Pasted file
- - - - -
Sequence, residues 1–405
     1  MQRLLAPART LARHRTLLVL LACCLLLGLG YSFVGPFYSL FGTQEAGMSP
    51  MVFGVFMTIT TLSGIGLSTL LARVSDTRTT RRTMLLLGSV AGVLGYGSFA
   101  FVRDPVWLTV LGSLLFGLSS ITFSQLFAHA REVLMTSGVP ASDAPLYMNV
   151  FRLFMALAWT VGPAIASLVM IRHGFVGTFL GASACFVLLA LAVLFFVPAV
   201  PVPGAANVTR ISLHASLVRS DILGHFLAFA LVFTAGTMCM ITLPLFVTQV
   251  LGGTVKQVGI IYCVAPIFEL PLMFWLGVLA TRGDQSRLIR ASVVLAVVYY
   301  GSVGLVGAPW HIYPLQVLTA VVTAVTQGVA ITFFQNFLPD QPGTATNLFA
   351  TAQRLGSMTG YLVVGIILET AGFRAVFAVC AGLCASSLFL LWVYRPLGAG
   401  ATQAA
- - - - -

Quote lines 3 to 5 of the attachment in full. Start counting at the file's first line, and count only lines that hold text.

    51  MVFGVFMTIT TLSGIGLSTL LARVSDTRTT RRTMLLLGSV AGVLGYGSFA
   101  FVRDPVWLTV LGSLLFGLSS ITFSQLFAHA REVLMTSGVP ASDAPLYMNV
   151  FRLFMALAWT VGPAIASLVM IRHGFVGTFL GASACFVLLA LAVLFFVPAV